A Fresh Approach to Recycling EV Batteries [Q&A]

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Representing what is perhaps the most significant paradigm shift in decades, the global push to replace gas-powered vehicles with electric models has hit a critical roadblock. Even as sales rise, automakers rush to launch new EVs, and regulations are enacted to address purchasing and supply chain dynamics, one crucial element about this shift still needs to be addressed.

The heart of the matter is the EV battery. While it serves as the power source for these emissions-reducing vehicles of tomorrow, it also represents a unique environmental challenge. Due to their size and expense, when EVs are in a crash or the battery eventually needs replacing, solutions for recycling these power supplies are still being developed.

While there are several solutions in development, we recently sat down with Steve Cotton, the president and CEO of Nevada-based Aqua Metals, to discuss EV battery recycling. The company recently opened a pilot plant with the goal of becoming the first North American plant to recover battery-grade lithium hydroxide from spent lithium-ion batteries in commercial quantities.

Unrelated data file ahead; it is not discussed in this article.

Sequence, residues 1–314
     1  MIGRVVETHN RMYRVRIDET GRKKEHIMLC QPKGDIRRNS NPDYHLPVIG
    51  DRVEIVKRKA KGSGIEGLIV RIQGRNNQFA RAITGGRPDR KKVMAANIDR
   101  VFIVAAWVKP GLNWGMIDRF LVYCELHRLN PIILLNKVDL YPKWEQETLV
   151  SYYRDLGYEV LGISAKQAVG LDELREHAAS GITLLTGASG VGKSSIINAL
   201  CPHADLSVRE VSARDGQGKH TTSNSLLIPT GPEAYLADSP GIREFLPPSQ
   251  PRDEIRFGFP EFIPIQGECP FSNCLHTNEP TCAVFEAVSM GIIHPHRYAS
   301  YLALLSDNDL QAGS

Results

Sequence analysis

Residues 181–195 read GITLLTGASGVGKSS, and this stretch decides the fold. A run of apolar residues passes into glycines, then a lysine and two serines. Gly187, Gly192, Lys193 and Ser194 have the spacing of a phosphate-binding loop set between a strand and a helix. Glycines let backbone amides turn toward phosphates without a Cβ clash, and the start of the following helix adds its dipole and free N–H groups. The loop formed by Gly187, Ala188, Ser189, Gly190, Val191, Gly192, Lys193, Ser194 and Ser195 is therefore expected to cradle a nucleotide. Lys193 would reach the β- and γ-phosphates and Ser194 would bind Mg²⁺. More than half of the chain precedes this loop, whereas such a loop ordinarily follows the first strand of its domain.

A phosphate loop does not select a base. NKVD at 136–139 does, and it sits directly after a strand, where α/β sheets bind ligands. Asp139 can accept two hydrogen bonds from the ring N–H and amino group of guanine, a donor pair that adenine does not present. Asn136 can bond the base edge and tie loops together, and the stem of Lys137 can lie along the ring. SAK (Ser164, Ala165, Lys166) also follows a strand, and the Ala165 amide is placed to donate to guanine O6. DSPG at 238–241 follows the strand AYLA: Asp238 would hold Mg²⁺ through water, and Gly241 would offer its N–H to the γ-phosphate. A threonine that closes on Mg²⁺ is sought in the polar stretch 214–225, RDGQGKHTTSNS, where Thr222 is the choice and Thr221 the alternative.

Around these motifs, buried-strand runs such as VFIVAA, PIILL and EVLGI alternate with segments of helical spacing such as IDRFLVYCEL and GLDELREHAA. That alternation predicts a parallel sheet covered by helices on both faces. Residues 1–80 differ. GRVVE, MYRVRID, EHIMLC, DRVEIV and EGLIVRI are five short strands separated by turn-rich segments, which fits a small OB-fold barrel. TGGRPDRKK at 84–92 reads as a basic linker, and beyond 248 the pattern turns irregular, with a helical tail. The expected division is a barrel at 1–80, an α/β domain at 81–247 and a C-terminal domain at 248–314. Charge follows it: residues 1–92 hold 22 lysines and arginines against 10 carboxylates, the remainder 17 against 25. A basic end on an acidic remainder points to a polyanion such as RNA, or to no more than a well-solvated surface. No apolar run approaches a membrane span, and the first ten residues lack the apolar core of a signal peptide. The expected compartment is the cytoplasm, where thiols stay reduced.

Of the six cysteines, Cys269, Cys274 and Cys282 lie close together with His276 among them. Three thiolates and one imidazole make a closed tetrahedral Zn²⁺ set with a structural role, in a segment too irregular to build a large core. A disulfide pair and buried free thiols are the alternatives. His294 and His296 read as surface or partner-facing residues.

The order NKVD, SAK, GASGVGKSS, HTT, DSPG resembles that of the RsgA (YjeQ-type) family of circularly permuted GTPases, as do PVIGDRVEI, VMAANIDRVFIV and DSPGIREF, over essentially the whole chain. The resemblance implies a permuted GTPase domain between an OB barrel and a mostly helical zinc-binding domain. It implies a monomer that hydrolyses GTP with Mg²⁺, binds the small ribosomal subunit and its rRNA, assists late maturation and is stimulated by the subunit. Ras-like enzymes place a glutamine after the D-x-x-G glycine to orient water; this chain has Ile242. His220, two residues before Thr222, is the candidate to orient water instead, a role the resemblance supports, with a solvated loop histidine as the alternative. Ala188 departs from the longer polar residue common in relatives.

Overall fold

Jeff Reinke (JR): What are the challenges of recycling Li-ion batteries in EVs?

Steve Cotton (SC): The main challenge for companies working to recycle the lithium batteries found in electric vehicles (EVs) at scale is a combination of timing and predicting the future.

Electric vehicles are just taking hold globally — only 6% of cars on U.S. roads today are electric. Almost all of these EVs are brand new and many years away from retirement. There will be a dearth of EV batteries to recycle in the near term and then a flood of them in the future, so timing growth could prove challenging for some companies that may scale too quickly and lock in suboptimal strategies.

There could be as much as one million metric tons of EV batteries to recycle in the U.S. between now and 2030, but shortly thereafter, we will need to start recycling more than one million tons annually.

The other challenge — and potential opportunity — related to predicting the future is the rapid advancement of battery technology. While nickel-manganese-cobalt is the most popular chemistry today, lithium-iron phosphate and even lithium-manganese iron phosphate are quickly becoming a go-to choice for EV batteries. Next-generation lithium metal and solid-state batteries are anticipated to follow closely behind, and a host of more exotic battery chemistries are fighting for market share.